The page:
Lubbock, Texas, USA
Mommy to: Ethan Patrick, 9-4-07, 8,000 plt count, untreated and Ellisyn Drew, 9-9-09, 243,000 plt count, treated
In September 2007, my husband and I had a precious baby boy. During delivery my doctor had me push before I had dilated to 10 centimeters and before Ethan had dropped into the birth canal. Needless to say I pushed for a while and they ended up having to use the vacuum. When he arrived I was so happy to hear his cry. I just knew everything would be perfect. He was so handsome and he was ours! Fast forward 12 hours later, right before his circumcision was scheduled, and our doctors noticed petichia (blood spots) all over our sweet baby. Blood tests were run and it was determined he had a severely low platelet count (8,000 and the normal range is 150,000 to 400,000). Our sweet boy had to stay in the NICU for 6 days where he received platelet transfusions and IVIG (Intravenous immune globulin is a blood product administered intravenously. It contains the pooled IgG (immunoglobulin (antibody) G) extracted from the plasma of over one thousand blood donors). They did an ultrasound of his head and abdomen and noticed no hemorrhaging. Praise the Lord!!! When we asked what he had, and if we caused it, we were both tested and told that it was just a fluke and we didn’t cause his platelets to be low. It was so scary not to really have an answer to why our baby was sick. We accepted their assessment, not knowing any better. Praise the Lord Ethan was okay and his platelet level rose quickly and stayed normal and that he had no internal bleeding. We took him home and tried to put our traumatic experience behind us.
Fast forward to January 2009. We found out we were pregnant again and we were so excited. Our main prayer was to have a healthy baby that required no NICU stay. We wanted the baby to be able to room in with us in the hospital. Never did I imagine that what had happened to our little boy would affect this pregnancy. Little did we know that this pregnancy would be a journey!
When I was around 12 weeks pregnant, I switched doctors because I didn’t feel comfortable with the care my current provider was giving me. I had reminded him that our first born was born with severely low platelet counts and asked if there was any testing or anything I needed to do. My doctor said “Nope, not that I can think of”. I felt something was off. For some reason I felt that I needed to do more and find out more information. I switched to a different doctor and told him about my previous pregnancy. He was very perceptive to my story and told me that we needed to do some research.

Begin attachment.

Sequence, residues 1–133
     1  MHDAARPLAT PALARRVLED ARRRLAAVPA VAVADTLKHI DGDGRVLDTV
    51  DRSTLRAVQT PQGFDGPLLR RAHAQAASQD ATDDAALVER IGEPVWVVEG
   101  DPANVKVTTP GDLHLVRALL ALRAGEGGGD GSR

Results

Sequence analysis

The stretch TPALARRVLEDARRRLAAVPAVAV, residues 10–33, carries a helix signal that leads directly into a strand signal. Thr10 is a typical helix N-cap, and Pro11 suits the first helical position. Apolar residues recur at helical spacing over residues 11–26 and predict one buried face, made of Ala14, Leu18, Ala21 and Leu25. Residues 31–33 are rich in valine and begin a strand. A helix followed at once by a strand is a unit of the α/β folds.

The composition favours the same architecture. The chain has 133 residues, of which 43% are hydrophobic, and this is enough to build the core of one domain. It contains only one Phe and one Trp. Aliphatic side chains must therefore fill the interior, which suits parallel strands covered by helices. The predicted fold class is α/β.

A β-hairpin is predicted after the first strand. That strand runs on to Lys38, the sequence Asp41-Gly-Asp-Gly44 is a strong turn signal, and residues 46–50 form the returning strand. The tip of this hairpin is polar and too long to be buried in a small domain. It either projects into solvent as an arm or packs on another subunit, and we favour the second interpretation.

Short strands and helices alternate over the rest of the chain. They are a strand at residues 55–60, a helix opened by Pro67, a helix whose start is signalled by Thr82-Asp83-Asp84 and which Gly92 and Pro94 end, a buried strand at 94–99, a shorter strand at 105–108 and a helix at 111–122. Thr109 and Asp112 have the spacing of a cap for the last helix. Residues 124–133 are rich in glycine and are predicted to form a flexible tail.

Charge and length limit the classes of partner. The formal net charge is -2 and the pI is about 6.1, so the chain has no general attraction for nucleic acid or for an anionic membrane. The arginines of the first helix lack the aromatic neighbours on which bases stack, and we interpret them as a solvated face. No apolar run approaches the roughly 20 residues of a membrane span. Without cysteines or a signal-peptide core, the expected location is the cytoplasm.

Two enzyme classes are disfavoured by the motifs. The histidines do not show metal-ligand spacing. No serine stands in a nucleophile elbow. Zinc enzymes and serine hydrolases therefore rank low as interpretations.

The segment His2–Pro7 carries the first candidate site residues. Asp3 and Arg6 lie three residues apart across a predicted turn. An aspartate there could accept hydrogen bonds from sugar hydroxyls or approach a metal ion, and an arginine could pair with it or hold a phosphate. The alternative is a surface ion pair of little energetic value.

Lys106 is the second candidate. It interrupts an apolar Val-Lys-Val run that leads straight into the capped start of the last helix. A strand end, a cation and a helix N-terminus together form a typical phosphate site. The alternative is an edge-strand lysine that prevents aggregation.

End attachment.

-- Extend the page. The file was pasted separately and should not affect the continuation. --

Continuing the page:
When I was around 18 weeks pregnant, I was called by the nurse practitioner at the high risk doctors office. She told me that my husband and I needed to have our blood drawn to rule out us causing the baby’s platelets to be low. I told her there was no need because they had drawn our blood when our son was born and found that we carried no antibodies to cause the babies platelets to be low.
I faxed her the test results and she called me back and stated that we were only tested for one or two antibodies and that there are lots of antibodies.
We were then told that we possibly had NAIT or Neonatal Alloimmune Thrombocytopenia. I was shocked, floored and scared! I had no idea that we could have a repeat of what my son had. As I started to do more research I started to become more scared but there was a glimmer of hope as I read that by receiving treatment, there was a 95% chance that I could have a healthy baby! The risks of having a NAIT baby are many. The main problem is the baby can have an intracranial hemorrhage either in utero or when born that can lead to serious complications, including brain damage and even death.
We went to see a specialist in Dallas who told us that if we did have NAIT we would need to start treatments. We started treatments when I was 21 weeks pregnant. The treatments involved me getting IVIG via IV weekly and taking prednisone daily.
At 23 weeks, we got our blood tests back but found out that the wrong tests were ordered. We had to have our blood drawn again and when it came back we found out that we had a 100% chance of having NAIT. We decided to continue treatments and we prayed continuously. I found the yahoo NAIT group. These ladies saved me. It was like having a hand to hold when no one else around me understood what I was going through.
I ended up having a total of 15 treatments, took prednisone daily, had two rounds of shots for the baby’s lungs, had gestational diabetes managed by insulin due to the prednisone, had twice-weekly non-stress tests and had numerous ultrasounds to check for bleeding. We decided to deliver at 36 weeks (4 weeks early) due to the continued risks of leaving the baby in the womb.
Our sweet little girl was born perfectly healthy. She had platelet counts of 243,000 and was able to breathe on her own. She only spent one night in the NICU. Our prayers were answered!! The treatments worked and I have no doubt that they saved her life. God is so amazing.
Though we have had a successful story, we are struggling financially. Our lifetime maximum on our insurance was $150,000, needless to say we blew through that during my first month of treatments. We owe over 500,000 from our own pocket.
All in all though I wouldn’t change one single solitary thing. You can’t put a price on life and my babies’ lives are priceless to me. They are my joy and my heart. I am so incredibly thankful and blessed to be able to be their mommy! My heart hurts for families that have lost angel babies due to this stupid thing called NAIT. It’s so senseless and unnecessary. I pray that one day there will be routine testing from the beginning and no family will have to go through the pain of delivering a child who has a severely low platelet count which could lead to ICH or death. My prayers are with all of the NAIT mommies. It takes a strong person to go though what we have. (((hugs)))